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Two Environmental Protesters Shot To Death In Panama As Group Blocks Major Highway

  An American professor and lawyer who holds dual American and Panamanian citizenship is   suspected   of murdering two environmental protes...

 An American professor and lawyer who holds dual American and Panamanian citizenship is suspected of murdering two environmental protesters who were part of a group blockading a highway in Panama.

Video showed an elderly man with gray hair and glasses approaching the demonstrators  on the Pan-American highway before an argument ensued and the man opened fire. More video showed the bodies of the victims; one died at the scene and the other at the San Carlos hospital. The video also showed the shooter handcuffed and taken to a police car.

Police released a photo of the suspect: Kenneth Darlington, 77. The victims were identified as Abdiel Díaz and Iván Mendoza; one an educator and the other the husband of an educator.

The demonstrators, who were in their third week of protests, have cost roughly $80 million in losses for local businesses with their roadblocks, the New York Post reported. “Demonstrators now have shut down streets and vandalized businesses,” The Washington Post noted.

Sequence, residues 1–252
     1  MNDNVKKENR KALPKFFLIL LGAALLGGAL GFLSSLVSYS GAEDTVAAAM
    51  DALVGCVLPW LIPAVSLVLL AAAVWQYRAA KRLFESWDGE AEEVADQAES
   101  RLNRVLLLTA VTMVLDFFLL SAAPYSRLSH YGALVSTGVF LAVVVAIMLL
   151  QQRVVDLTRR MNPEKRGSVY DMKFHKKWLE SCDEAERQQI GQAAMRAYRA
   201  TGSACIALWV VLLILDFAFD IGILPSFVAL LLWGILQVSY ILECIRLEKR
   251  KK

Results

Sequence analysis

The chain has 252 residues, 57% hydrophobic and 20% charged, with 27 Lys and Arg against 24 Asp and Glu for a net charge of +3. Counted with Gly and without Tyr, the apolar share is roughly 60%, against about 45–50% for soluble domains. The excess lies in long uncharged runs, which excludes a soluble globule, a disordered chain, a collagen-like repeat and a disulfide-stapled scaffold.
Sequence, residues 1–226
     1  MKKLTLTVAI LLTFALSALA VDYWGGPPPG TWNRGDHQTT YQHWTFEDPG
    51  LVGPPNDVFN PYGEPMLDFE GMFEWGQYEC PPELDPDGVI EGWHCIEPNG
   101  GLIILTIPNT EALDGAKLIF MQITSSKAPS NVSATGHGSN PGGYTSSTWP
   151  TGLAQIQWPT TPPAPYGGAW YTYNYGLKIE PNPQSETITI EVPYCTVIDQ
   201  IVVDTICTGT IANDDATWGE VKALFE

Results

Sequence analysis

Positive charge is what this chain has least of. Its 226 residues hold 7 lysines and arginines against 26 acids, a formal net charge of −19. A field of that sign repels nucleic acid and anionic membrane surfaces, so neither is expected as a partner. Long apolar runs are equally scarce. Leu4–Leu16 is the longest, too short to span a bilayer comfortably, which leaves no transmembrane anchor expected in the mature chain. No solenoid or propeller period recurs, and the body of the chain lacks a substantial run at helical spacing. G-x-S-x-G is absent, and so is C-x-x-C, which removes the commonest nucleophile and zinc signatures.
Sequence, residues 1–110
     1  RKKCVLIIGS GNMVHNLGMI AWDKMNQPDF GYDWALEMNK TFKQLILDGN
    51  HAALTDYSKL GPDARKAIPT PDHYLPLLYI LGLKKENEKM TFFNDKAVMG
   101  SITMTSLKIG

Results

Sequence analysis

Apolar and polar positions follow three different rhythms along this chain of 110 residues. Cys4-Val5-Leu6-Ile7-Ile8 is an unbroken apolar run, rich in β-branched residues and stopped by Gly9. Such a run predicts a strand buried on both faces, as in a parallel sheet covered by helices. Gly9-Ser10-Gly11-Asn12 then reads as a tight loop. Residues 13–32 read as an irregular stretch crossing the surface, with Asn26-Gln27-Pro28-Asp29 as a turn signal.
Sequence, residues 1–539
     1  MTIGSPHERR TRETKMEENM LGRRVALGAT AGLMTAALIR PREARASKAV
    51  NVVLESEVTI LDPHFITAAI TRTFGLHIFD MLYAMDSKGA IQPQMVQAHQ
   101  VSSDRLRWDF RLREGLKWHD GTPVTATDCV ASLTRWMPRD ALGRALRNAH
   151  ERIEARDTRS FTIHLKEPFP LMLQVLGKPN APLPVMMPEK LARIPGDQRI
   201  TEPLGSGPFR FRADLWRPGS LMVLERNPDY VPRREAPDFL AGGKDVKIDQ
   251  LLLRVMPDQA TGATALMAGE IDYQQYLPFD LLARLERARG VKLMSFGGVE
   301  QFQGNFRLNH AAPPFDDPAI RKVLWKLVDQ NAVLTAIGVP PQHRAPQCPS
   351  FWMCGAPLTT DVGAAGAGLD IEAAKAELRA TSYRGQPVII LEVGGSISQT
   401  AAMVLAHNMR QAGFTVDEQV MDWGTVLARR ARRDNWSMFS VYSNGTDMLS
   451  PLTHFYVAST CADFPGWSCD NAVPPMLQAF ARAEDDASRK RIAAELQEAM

The demonstrators were protesting against a mining contract permitting Minera Panamá, a subsidiary of the Canadian company First Quantum Minerals, to keep mining the huge Cobre Panama mine for at least 20 more years.

The deal with First Quantum Minerals is estimated to bring thousands of jobs to Panama and give the government roughly $375 million per year; the country’s per capita GDP is less than $19,000, the Post noted. Roberto Cuevas, president of the Mining Chamber of Panama, told the Post, “It’s a resource that can bring a lot of good to the country if it’s well exploited. It’s a resource that Panama needs.”

Bonita To, director of investor relations for First Quantum Minerals, stated that the Cobre Panama mine is responsible for roughly 5% of Panama’s GDP and has created at least 40,000 jobs.

Darlington was arrested in 2005 by the National Police and investigated for alleged possession of weapons of war and ammunition; he was later released.

“I express my condolences to the families of the two citizens who lost their lives in an incident that occurred this Tuesday in a sector of Panama Oeste,” Panama President Laurentino Cortizo tweeted. “This is a fact that has no place in a society called to be supportive like ours.”

The Pan-American Highway, running 19,000 miles, is the world’s longest highway. It travels from Alaska all the way south to Argentina, with one break: a 66-mile gap called the Darien Gap between Panama and Colombia.

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